Posted by: David Schneier
assessment, Audit, compliance, GLBA, NPPI, PCI, PII, regulatory, Regulatory Compliance, risk, risk assessment
Let me begin by sharing a story from the way back files. In the mid 80’s when I was first starting out in my career I was working as a junior programmer in Manhattan. Courtesy of playing on the corporate softball team I became acquainted with a fairly diverse group of people ranging from those in the trenches where I plied my trade all the way up to the executive suite. One of the people I came to know well was senior in the internal audit department. One day I learned that he had been fired rather suddenly earlier in the day, something that definitely came out of nowhere. I came to find out that while under the guise of conducting audit work he had gained access to the companies compensation data file and was logged browsing employee records from the CEO on down. The problem was that he wasn’t conducting any audit that would explain his actions; he was doing it simply because he was curious what certain executives were being paid. Having been caught red-handed and without a viable explanation he was terminated on the spot and escorted out of the building.
This was someone who for all intents and purposes had nothing to gain from doing something so blatantly stupid. As an auditor he was likely aware of the logging capabilities available on the host (mainframe system). He also had direct knowledge of the audit culture and the degree of scrutiny they placed on certain internal artifacts and/or repositories. But in the end his basic human nature created an override allowing him to indulge his curiosity. For me that meant that you could never assume that any manner of stored information was ever truly safe and secure
Thus began my basic mistrust of storing sensitive information in electronic repositories.
With that in mind imagine my horror as technology began a rapid progression away from centralized storage and started spreading out first within the infrastructure to distributed applications and eventually breaching the walls of the data center and finding new homes elsewhere in other companies so-called data centers. Beyond the fact that you don’t truly know how secure your data ever truly is (notwithstanding reports and attestations to the contrary), it now also has to traverse communication lines that despite what you may want to believe are vulnerable in a number of very real ways. And we’re not just talking business data, we’re talking social security numbers, bank account numbers, credit card numbers and, and, and……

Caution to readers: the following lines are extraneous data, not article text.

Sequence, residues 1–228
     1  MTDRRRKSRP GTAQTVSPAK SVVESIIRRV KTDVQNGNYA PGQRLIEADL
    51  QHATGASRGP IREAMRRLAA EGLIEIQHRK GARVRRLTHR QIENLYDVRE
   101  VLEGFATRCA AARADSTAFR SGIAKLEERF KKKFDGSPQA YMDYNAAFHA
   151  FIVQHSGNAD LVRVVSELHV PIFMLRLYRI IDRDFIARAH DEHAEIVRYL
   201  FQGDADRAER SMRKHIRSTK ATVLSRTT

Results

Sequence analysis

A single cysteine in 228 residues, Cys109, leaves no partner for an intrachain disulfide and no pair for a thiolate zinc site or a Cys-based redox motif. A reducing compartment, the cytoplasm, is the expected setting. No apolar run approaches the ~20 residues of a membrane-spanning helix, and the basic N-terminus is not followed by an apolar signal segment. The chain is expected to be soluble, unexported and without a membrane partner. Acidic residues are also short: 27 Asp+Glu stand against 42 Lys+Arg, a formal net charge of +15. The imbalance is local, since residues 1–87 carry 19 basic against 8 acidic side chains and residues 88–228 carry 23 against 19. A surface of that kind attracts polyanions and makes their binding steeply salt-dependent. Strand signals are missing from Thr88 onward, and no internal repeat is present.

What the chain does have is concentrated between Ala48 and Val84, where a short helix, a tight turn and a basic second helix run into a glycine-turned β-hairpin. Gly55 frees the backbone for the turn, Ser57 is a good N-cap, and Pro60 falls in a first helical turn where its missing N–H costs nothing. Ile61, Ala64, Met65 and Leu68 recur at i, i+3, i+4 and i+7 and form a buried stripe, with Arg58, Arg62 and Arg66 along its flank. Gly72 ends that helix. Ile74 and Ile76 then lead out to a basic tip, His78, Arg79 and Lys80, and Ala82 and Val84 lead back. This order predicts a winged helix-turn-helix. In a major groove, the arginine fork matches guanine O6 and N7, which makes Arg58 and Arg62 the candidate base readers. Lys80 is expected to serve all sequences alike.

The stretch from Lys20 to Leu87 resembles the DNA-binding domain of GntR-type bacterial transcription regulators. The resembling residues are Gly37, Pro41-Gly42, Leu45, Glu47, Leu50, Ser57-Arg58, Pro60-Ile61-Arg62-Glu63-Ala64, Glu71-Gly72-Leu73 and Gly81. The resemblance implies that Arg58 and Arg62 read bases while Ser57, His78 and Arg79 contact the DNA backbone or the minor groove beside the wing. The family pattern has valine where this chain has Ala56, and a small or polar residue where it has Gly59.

I simply don’t trust that any sensitive data is ever truly protected anymore. I operate under the assumption that there are two common states with regards to data security, known breaches and those yet to be discovered. When I’m challenged with the logic that we’re always told about confirmed breaches eventually and so we know exactly how much has been exposed I laugh. All that means is that the hackers and criminal element slipped up along the way; a confirmed breach indicates someone made a mistake. I truly believe that a successful breach is never detected, that the perpetrators behind it figure out the proper balance between skimming data and moving it around for illicit gains so that it never hits the radar.
And I think the threat comes from all over the map. I think it’s often internal, someone on the inside behind the firewall and locked doors or someone with legitimate access to databases. I think it’s sometimes along the way between a transmissions point of origin and its destination. And I think it’s often at points of exposure along the way. I just don’t believe that there aren’t rogue employees at offsite storage facilities that know how to rig the system and grab media with all manner of PII and NPPI with no one ever the wiser. I reject the notion that it’s impossible for employees of the popular SaaS companies to gain undetected access to a wide variety of information typically considered private and secured. I think this happens regularly (if not often) and that as long as we remain blissfully ignorant this will continue to happen indefinitely.
I use only one rule when it comes to how best to protect sensitive data: if the human element is involved in any way your data is at risk.
And if you’re not truly yet at risk, if there’s been no concerning or inappropriate attempts to access your choice data that’s either because they haven’t gotten to you yet on their to-do list or your choice data isn’t as choice as you might think.
If I had it my way everything would be moved back to Big Iron in an internal data center and I’d go hog-wild slapping every conceivable monitoring tool and detection devices wherever possible. Short of that I’d select solutions that could only be run behind my firewall and on telecom pipes that I directly controlled to further minimize my exposure. Oh and I’d probably fire anyone who ever even mentioned migrating to the cloud just to set an example.